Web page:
2. Be Your Own Boss
Maybe creating video games, social networking apps, or launch software for space missions doesn’t sound meaningful enough for you. If you’re really passionate about pets, then why don’t you go start a service that helps return lost pets to their owners? Both dogs and their owners will rejoice, all while you work from the comfort of your basement in the company of Fido. When people work on the things they’re most passionate about, the world becomes a better place. If you can’t find a great job that’s already out there, now is a better time than ever to create your own job.
3. Create Beautiful New Things
Can you imagine if Picasso never learned how to use a paintbrush? What if Mozart never learned how to play the piano? Software is a powerful tool for creating visual art, music, movies, and interactive experiences. When was the last time you expressed yourself through Python? Ever used Ruby to create a masterpiece? (Protip: check out Processing, FL Studio, and OpenFrameworks, a few of the most popular software kits for artists).
4. Learn To Think In A New Way
The most important thing I learned from playing sports as a kid was not how to hit a baseball or catch a football, but how to work with a team. For many people, learning to code is the same. Plenty of people with computer science and engineering training don’t actually do the work prescribed by their degree, but they constantly use the problem-solving abilities that they honed throughout their studies. The Greeks were huge fans of using logic to win arguments, and if you can argue successfully with something as unwavering as a compiler, human beings will be a pushover. The ability to create within a system of constraints like software is a powerful skill that goes far beyond app development, but you don’t have to take my word for it.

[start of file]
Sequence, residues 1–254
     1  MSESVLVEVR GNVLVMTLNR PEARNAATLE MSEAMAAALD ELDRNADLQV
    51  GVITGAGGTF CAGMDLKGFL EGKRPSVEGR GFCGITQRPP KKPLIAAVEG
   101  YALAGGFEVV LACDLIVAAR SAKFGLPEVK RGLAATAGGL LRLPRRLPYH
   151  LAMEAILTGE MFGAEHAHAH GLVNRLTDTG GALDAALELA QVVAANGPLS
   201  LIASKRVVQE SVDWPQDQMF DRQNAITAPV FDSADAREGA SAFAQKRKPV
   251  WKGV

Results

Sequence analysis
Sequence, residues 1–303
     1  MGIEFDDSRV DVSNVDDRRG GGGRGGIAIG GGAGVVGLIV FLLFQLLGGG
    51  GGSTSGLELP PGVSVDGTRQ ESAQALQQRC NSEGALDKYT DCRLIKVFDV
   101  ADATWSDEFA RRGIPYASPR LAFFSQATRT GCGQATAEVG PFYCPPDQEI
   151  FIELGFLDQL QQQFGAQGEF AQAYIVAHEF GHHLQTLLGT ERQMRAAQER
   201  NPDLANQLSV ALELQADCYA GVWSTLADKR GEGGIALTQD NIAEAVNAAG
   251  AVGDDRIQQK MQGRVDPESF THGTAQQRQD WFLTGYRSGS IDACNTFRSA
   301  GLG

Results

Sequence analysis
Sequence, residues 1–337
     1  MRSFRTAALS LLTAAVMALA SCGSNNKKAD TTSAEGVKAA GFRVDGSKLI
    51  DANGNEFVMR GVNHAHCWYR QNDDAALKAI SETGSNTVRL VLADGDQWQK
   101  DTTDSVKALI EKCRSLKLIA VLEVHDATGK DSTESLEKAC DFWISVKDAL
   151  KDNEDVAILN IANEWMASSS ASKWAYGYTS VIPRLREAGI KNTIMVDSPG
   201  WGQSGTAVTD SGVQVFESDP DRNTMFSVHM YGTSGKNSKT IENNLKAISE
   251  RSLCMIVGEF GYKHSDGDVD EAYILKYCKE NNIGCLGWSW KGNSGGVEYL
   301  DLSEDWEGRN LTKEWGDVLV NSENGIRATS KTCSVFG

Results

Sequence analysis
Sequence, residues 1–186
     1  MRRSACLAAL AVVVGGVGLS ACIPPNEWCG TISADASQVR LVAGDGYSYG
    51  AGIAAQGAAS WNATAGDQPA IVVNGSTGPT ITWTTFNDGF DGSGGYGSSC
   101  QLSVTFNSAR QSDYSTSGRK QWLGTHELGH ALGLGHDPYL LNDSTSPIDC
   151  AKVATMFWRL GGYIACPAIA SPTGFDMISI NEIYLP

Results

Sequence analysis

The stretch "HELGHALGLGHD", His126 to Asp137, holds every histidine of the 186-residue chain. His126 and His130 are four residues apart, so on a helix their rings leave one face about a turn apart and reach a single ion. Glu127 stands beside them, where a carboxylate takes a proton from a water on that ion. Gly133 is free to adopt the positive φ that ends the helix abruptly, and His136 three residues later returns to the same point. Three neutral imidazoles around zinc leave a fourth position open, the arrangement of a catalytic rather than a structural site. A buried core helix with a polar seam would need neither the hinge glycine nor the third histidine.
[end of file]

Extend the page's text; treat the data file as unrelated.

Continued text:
5. Change The World
It’s hard to argue with the impact that software has had on our world over the past decade. From political revolutions to industrial revolutions, the enabling power of this new layer of software has changed the way we live. But this impact has not yet been felt everywhere. As our population shifts toward primarily city dwelling, our transportation systems and other utilities will rely on software to make more intelligent adjustments. The educational systems that we developed a century ago for a different era of industrial work must grow to adapt to the children of today and the jobs of tomorrow. What if your algorithms could help with the analysis of public health data that leads to a cure for cancer? Could your wellness app help someone to make better lifestyle choices and avoid the risk of obesity and diabetes?
From startups to the star tech companies of the Fortune 500, from government and nonprofits to sports and entertainment, software development is a powerful skill. It can land you a job, help you start your own company, enable you to create new forms of art, change the way you think about the world, and change the way the world thinks about itself. If you want to learn to code, we’re ready to help you get started.